Arthritis and Long-Term Disability Claims: What You Need to KnowAugust 08, 2020
Diagnosed with Arthritis
Even if you have been diagnosed with arthritis in general or any other forms such as rheumatoid arthritis or psoriatic arthritis, you do not automatically qualify for long-term disability. There are various steps that must be taken for you to present a solid claim for long-term disability benefits.
There are various types of arthritis, each of which impacts the body differently causing different types of impairments. It is important that you and your doctor ensure the type of arthritis you are suffering from is diagnosed using objective testing and you are being treated with the correct medications.
Arthritis symptoms can range from joint pain, stiffness, swelling, and fatigue. In some cases, arthritis can impact organ function and sight. Due to the painful and long-lasting symptoms of arthritis which decrease activity, many who have the disease, also experience depression and low self-esteem. One of the most debilitating symptoms of arthritis is chronic pain, which even when treated, can make it difficult to function in everyday activities and work.
Arthritis and Long-Term Disability Benefits in Ontario
Long-term disability claims are typically made close to two years after the onset of your disability. In order to be eligible for long-term disability, it is imperative that you demonstrate how your arthritis condition prevents you from working not only your job but any job you are reasonably trained to do by education, training, and experience.
Disability providers, however, often deny long-term disability claims by relying on exclusion clauses for pre-existing conditions, that the disabling symptoms are subjective, that arthritis only temporarily flares up and causes bouts of disability, or there is no objective testing to support an arthritis diagnosis or that your arthritic symptoms can be accommodated by your workplace.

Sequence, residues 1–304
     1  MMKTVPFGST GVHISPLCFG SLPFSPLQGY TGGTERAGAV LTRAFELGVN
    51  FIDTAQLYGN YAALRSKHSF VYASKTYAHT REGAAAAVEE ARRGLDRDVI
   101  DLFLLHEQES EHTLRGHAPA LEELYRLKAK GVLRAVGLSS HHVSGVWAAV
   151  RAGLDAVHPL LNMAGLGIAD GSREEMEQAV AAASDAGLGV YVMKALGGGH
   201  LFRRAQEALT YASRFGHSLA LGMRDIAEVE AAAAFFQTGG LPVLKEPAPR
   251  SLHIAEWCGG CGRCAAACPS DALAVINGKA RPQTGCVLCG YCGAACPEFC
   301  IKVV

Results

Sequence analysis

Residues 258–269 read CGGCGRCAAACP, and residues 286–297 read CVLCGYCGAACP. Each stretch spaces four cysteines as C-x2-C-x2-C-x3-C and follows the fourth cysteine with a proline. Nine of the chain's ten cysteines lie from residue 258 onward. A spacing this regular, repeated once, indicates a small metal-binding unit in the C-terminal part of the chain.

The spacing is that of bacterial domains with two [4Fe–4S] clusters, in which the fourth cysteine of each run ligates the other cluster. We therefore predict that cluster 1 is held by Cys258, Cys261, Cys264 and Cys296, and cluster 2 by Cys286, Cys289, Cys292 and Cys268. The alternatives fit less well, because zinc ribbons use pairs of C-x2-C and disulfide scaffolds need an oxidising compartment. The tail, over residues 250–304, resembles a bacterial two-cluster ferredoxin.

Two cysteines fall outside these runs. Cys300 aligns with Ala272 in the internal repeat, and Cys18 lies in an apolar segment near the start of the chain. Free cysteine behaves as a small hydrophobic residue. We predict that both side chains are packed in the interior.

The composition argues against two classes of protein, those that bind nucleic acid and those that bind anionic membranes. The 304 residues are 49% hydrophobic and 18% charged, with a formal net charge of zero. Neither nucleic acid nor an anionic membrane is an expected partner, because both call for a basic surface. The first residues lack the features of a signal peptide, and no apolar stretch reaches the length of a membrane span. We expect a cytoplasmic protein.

You will need to review your disability policy for exclusions and subjective complaint limitations for your situation. You will also need to obtain the reports from health care providers that explain your restrictions and limitations, sets out the testing done to support an arthritis diagnosis, and explains reasons why you can’t perform some or all of the material and substantial duties of your job.
Proving a Claim for Long-Term Disability
In proving a claim for long-term disability for arthritis it is important that that you complete the objective testing organized by your doctor. Your doctor must assess the degree of your disability based on the types of activities you are able and not able to do, like standing for two hours, holding your hands up, lifting more than 10 pounds, walking upstairs, sitting for two hours or grasping objects, just to name a few.
Have your doctor document a progression of your symptoms from the onset of diagnosis to disability and ensure your doctor clearly lays out your restrictions and limitations as it relates to being able to meet your work tasks. You must be compliant with all required treatment unless the side effects are too problematic.
You should also document your daily experience with pain and any side effects you are experiencing from the medication you are taking.
If this seems to be overwhelming, it is and can be for anyone. Hiring a competent disability benefits lawyer will ensure that your application for long-term disability for arthritis and any conditions arising from your arthritis diagnosis is thorough and evidence-based. Help is available.
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